He’s a Republican Now
Donald Trump, the erstwhile Democrat, independent and member of the Reform Party, finally has a fixed partisan identity.
The president may be besieged, unpopular and prone to lashing out self-destructively, but all of this cements his bond to his party rather than erodes it. Commentators who ask wishfully and plaintively, “When will Republicans dump Trump and save themselves?” are missing the point: Trump’s weakness makes him more Republican than ever before.
It was possible to imagine Trump, with a head of steam after his upset victory in November, cowing swamp-dwelling Republicans and wooing infrastructure-loving, anti-trade Democrats into supporting a populist congressional agenda. But this scenario would have required a strong, focused president marshaling his popularity and driving Congress. We’ve seen close to the opposite.
Whatever Trump’s true ideological predilections, there’s no place for him to go. Make deals with the Democrats? At this point, Democrats are more likely to cooperate with Sergey Kislyak on an infrastructure package than with Donald Trump.
Dump or triangulate away from Republicans? Well, then who would do Russian investigation defense, besides a handful of White House aides and outside media loyalists? Imagine what the Comey or Sessions hearings would have looked like if Republicans had joined Democrats in the pile-on.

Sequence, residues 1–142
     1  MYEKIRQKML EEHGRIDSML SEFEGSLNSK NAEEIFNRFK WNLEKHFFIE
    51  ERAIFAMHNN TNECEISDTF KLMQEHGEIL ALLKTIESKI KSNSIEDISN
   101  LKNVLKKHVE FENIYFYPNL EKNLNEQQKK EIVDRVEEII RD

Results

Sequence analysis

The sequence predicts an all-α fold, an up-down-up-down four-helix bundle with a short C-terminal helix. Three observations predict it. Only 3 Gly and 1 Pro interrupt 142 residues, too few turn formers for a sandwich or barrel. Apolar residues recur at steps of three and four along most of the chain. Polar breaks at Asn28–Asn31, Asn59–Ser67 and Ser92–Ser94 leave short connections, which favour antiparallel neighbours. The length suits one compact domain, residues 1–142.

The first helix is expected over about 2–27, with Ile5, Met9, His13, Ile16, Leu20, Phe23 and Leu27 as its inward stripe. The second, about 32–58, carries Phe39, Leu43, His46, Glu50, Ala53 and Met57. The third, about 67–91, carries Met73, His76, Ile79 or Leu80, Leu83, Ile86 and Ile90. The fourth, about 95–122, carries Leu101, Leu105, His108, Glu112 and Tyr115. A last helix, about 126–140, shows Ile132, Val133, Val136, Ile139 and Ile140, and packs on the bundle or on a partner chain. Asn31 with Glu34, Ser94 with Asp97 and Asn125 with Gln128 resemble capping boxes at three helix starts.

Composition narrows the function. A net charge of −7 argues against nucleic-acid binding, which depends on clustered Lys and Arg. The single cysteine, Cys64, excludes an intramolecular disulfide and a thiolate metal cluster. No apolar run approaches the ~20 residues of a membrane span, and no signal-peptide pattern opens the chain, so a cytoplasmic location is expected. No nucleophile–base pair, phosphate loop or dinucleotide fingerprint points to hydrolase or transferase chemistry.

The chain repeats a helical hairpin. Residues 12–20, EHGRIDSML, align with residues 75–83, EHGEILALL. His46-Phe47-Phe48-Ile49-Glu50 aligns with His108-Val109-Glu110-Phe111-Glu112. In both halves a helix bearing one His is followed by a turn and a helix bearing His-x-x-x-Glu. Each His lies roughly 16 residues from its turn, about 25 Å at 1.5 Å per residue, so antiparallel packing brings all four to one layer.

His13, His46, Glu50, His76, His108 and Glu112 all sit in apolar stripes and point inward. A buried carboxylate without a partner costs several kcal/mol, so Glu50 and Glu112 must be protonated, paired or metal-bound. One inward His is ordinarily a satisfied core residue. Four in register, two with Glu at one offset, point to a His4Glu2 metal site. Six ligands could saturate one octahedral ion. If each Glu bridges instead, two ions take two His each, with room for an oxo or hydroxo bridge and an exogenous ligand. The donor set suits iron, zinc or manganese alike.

The need for support on Capitol Hill could well get more urgent if things go badly the next year and a half. If Democrats take the House, Trump will rely on Republicans for an impeachment defense and, if it comes to that, for the votes in the Senate to block removal.
In one sense, this suits Trump. He may have a questionable partisan pedigree, but he is a natural partisan -- smash-mouth, heedless of process and norms, willing to make whatever argument suits him at any particular time. There have been many Republicans who have opposed Chuck Schumer before; it took Trump to call him a “clown.”
As for congressional Republicans, they, too, don’t have much choice. Whatever their true feelings about Trump, his fate is their fate.
First, a president’s approval rating heavily influences midterm elections, especially the campaign for the House. Republicans dumping Trump wouldn’t make him any more popular.
Second, such a distancing is not really politically practicable. If Republicans try to skitter away from Trump, their base will roast them.
Third, Republicans want to get some things done legislatively. A poisonous split with the White House wouldn’t help. Trump may be a mercurial and frustrating partner, but he is a partner all the same.
Finally, most Republicans -- quite legitimately -- think the Russian controversy is a media-driven travesty. If there were a smoking gun, this posture would probably change (obviously, in that circumstance, it should change). But Democrats are in no position to lecture Republicans on cutting loose a president of their own party when they twisted themselves in knots to defend Bill Clinton after he lied under oath over an affair that violated every feminist principle the party professed to hold.
If Trump and Republicans had their druthers, neither would be in quite this position. But this is the reality for everyone. For now, there’s no way out, only through, and through it together.
Rich Lowry is editor of the National Review.